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TY for reply. I agree.

About Your edit: I didn't know that. TY again.

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I'm a bit skeptical that bisexuality is so rare (in males). Of course it's conceived of as being a spectrum, with very few in very middle (eg: the range of 49%/51% to 51%/49%), or at the extreme ends. But there seem to be a good number of men who have substantial amounts of attraction towards both sexes, closer to the middle than to the ends of that spectrum.

But I recognize that my assessment is based more on experience than objective statistics. Do you have any source for believing that bisexual men are very rare?

Also, you referenced males. Do you believe that bisexual females are more or less common? And why LG rather than LGB if you are talking about all sexes, not just males?

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I've read a lot about bisexuality and all studies say the same thing: 50/50 bi men are exceedingly uncommon. I have never met one. I didn't say there are none.

Most bi men are basically gay men who top and go with a woman once in a while.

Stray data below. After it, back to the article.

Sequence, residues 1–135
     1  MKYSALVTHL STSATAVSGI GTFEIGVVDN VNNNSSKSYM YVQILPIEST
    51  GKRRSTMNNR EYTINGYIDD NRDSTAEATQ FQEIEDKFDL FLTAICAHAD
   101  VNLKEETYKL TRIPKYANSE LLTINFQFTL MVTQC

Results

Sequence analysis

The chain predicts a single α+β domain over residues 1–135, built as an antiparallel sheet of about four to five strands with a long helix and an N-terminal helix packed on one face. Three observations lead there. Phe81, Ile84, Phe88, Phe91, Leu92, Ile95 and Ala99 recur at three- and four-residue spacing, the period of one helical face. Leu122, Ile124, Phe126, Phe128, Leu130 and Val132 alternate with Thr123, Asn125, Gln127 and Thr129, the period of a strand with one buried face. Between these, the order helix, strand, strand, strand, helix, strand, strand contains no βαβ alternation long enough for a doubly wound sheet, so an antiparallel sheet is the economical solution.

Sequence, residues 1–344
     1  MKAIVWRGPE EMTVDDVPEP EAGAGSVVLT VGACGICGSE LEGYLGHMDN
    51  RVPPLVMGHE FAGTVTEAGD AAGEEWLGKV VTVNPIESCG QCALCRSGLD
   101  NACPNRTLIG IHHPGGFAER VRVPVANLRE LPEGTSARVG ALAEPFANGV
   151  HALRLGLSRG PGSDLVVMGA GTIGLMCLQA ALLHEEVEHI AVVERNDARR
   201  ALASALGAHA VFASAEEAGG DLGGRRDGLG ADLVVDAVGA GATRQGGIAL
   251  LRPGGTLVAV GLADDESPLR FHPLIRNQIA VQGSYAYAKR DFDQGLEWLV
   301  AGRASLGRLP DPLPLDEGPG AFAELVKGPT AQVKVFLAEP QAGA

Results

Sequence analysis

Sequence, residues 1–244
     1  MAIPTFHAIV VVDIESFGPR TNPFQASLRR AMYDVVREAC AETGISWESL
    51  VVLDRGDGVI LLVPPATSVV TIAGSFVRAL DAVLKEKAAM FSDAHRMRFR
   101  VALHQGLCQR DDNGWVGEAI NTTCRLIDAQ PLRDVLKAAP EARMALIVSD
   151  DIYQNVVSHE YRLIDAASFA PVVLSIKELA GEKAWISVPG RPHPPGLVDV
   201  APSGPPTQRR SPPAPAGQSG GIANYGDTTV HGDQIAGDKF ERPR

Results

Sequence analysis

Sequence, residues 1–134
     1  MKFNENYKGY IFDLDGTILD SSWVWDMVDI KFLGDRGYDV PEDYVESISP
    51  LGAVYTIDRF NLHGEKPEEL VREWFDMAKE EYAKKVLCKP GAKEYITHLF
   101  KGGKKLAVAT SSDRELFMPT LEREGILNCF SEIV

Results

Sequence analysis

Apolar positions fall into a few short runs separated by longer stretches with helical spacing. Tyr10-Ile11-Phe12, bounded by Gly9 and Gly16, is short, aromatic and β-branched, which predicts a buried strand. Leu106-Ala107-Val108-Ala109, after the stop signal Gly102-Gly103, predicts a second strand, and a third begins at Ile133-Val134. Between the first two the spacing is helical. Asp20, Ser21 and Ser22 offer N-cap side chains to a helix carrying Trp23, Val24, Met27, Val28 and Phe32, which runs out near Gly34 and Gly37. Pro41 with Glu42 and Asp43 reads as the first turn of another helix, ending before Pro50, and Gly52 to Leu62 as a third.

With women the attraction is much more about the relationship than visual arousal and I have read that women can choose their orientation a lot more than men; my best friend in the USA is bi and married to a man but based on his health I doubt they have sex.

I last went to a gay public territory in 1996. I was 42 and in great shape but already past the age where I felt like I fit in and I saw men older than I being savagely abused with name-calling. I continued to hook up on the Internet but gay places are for people under 30 who want to ruin their hearing and their lungs.

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Maybe it depends on how one defines bisexuality. As I noted, there are very few who are 100/0, 50/50, or 0/100 - or for that matter 90/10 or 36/64. That's way too narrow. a range.

I was suggesting that being closer to the middle than to either end, like "at least 1/4 towards each" as a broader definition. I doubt that is as rare.

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Not quibbling over ratios.

I've never met any men I would call bisexual. My three hetero experiences don't make me bi. Anyway it's about attraction, not sex.

Gay men are prejudiced against bisexuality.

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Well put, Chris.

You covered many of the bases.